Can Europe Make It?

How do we win back those who sympathise with the jihadist insurgency?

The history of left-wing militancy in Europe suggests that police raids, surveillance techniques, and ‘anti-radicalization’ efforts will not end the jihadist insurgency. The more important struggle lies elsewhere.

Heiko Henkel
10 December 2015
Aftermath of the 1981 Red Army Faction bombing of U.S. Air Forces Europe headquarters. Wikimedia Commons/Public domain.

Aftermath of the 1981 Red Army Faction bombing of U.S. Air Forces Europe headquarters. Wikimedia Commons/Public domain.Everything suggests that the Sun was wrong when it announced that one in five British Muslims ‘sympathised’ with ISIS. It is important to call out those who seek to tie the Muslim community as a whole to jihadist networks and their brutal murders. But at the same time, we should avoid being drawn into demonising those who do sympathise with their cause.

They are terribly wrong, of course, but we need to win them back.

In the long run, it is in our own vital interests that all potential militants come to see that the polarizing violence of jihadi fundamentalism is not beneficial – and that sharing society with us as fellow citizens is. Those who have always felt comfortable in the midst of liberal society may find this proposition difficult to contemplate. But the truth is that, not so long ago, European societies were torn along lines that felt just as dramatic as today’s confrontation with the jihadist.

I still remember it clearly. March 1993, the Rote Armee Fraktion (Red Army Faction) – Germany’s infamous left-wing militant group – had blown up the newly-built prison of Weiterstadt. In earlier attacks, the Red Army Faction had murdered politicians, industrialists, leading bureaucrats, and security personnel. In this case, militants had overpowered security personnel before the massive explosion and no one was hurt. I knew someone who had links to the militants and I told her that if they needed a place to hide, they could stay in my apartment.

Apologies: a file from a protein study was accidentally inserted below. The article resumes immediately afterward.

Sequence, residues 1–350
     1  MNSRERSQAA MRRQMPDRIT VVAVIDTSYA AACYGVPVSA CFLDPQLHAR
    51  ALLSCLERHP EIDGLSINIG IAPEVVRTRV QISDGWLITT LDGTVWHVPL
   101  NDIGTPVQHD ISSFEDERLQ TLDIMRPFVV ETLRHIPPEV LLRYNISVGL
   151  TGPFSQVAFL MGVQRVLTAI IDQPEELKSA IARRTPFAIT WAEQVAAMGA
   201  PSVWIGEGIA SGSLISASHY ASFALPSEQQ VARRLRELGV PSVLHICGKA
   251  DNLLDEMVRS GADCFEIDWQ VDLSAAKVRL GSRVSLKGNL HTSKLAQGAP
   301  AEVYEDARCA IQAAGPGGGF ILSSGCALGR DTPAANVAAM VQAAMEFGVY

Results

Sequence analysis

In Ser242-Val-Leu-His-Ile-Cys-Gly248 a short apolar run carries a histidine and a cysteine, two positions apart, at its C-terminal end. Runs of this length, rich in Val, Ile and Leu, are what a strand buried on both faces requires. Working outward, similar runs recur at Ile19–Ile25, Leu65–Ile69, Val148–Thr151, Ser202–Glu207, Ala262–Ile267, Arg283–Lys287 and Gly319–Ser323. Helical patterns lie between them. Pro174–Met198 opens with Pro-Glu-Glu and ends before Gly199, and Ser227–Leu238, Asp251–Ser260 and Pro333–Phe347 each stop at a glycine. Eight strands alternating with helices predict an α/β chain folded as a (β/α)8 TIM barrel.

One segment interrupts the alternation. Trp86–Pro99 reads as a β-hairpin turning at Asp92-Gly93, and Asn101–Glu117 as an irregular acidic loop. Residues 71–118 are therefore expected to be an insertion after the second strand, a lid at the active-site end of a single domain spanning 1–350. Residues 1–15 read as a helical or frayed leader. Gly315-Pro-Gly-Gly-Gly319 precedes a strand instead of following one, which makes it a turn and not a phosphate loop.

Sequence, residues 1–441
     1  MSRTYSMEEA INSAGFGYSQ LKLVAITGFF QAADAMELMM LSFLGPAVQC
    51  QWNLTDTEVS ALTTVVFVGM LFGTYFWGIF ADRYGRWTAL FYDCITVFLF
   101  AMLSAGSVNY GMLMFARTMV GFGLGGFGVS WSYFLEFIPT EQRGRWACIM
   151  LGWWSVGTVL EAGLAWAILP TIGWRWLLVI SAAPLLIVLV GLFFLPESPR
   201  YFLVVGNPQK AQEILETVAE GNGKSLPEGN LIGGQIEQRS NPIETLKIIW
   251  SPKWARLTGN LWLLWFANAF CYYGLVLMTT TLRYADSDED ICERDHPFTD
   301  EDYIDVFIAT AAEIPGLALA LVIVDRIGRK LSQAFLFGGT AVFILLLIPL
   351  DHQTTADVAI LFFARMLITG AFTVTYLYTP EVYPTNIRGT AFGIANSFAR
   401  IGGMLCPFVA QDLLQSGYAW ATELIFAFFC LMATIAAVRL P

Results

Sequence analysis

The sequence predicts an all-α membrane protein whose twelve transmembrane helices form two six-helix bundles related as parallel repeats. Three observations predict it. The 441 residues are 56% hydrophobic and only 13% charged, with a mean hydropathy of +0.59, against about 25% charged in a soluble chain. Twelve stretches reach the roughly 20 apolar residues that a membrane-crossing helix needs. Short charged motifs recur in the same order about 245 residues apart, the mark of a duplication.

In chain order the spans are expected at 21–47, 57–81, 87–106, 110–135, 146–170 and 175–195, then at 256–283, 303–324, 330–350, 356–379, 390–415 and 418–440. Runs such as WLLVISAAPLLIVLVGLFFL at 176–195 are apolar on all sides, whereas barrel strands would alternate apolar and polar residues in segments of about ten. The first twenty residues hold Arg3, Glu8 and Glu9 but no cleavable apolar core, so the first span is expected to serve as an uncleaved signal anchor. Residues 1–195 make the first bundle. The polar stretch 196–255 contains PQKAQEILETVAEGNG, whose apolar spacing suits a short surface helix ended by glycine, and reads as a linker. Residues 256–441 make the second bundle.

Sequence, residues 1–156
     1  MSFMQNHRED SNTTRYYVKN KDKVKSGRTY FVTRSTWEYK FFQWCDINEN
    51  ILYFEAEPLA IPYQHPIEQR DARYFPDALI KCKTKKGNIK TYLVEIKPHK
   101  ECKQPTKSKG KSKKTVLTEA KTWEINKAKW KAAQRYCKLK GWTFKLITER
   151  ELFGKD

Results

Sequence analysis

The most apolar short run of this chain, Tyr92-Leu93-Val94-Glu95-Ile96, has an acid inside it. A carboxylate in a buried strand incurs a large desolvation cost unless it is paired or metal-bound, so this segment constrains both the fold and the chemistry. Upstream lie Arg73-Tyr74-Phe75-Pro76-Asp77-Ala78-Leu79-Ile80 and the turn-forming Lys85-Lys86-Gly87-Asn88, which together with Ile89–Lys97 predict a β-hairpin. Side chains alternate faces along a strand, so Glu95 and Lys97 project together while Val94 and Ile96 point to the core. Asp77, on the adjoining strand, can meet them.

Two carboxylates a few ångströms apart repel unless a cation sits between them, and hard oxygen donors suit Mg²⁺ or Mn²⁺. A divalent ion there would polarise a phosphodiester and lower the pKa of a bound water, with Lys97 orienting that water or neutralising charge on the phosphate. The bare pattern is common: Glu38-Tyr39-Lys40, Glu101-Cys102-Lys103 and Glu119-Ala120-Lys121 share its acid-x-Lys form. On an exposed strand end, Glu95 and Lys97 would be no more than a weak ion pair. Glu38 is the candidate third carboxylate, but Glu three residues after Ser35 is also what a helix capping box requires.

It never came to that and, looking back, I find my own enchantment with the Red Army Faction puzzling and troubling. But recalling my own entanglement with their wrongheaded militant campaign makes it easier for me to understand the tacit support that today’s jihadist militants enjoy among some sections of Europe’s Muslim minorities. 

The violent campaign that groups like the Red Army Faction, Action Directe or Brigate Rosse were waging against the state and mainstream society was premised on the analysis that the true identity of ‘the state’ was fascist, even as it masqueraded as a liberal democracy, and that it stood in direct continuity both with the Nazi regime and with US imperialism. The use of violence was therefore not only justified but necessary; and the evocation of the Nazi regime, the Holocaust, Hiroshima, Vietnam conjured up the spectre of such horrific violence that the human costs of the Red Army Faction’s own bombing campaign appeared insignificant.

They are terribly wrong, of course, but we need to win them back.

I did not agree with the Red Army Faction and its militant project. The price of escalation – the spiral of insurgency and state securitization – seemed far too high for whatever gain might be had from the murder of individual ‘representatives’ of the state. And I found the abstraction that equated west Germany with the Nazi regime, and both of these with US imperialism, unconvincing. But I shared with the militants the anguish over what we perceived to be the dark underside of liberal society, and a sense that whatever affluence and liberties we had in western Germany were directly linked to exploitation and repression elsewhere in the world.

This shared anguish – and in retrospect I can see that it was the strength of this feeling more than anything else – made it impossible for me to condemn the militants.  Much as, a generation before us, the traditional left in western Europe had had tremendous difficulty disowning Stalin’s crimes. 

To be sure, the project of the Red Army Faction (or that of the Soviet Union) was very different from that of the jihadi militants today. But not completely so. Both offer dramatic narratives of struggle, revolution, and redemption. Both link the violence of their own militant campaigns to massive violence and suffering elsewhere. Violence is thus not only justified but morally necessary. And they inscribe their own campaigns within much wider projects of social transformation and liberation which have broad popular legitimacy. In both cases, militants enjoy the tacit support of a base that does not, in fact, necessarily agree with their methods or their political goals.

There can be no doubt that many European Muslims have become part of an abandoned underclass with little or no prospect of upward mobility or of living decent lives of whatever definition. At these margins, the frustration with and alienation from mainstream society is tipping over into a sense that being Muslim sets them fundamentally apart. Here, proposing the irreconcilable difference between Muslims and the non-Muslim majority seems plausible, and embracing it seems to offer the only path to a meaningful future. When I offered to shelter the militants that blew up Weiterstadt prison in 1993, I was close to a similar tipping point.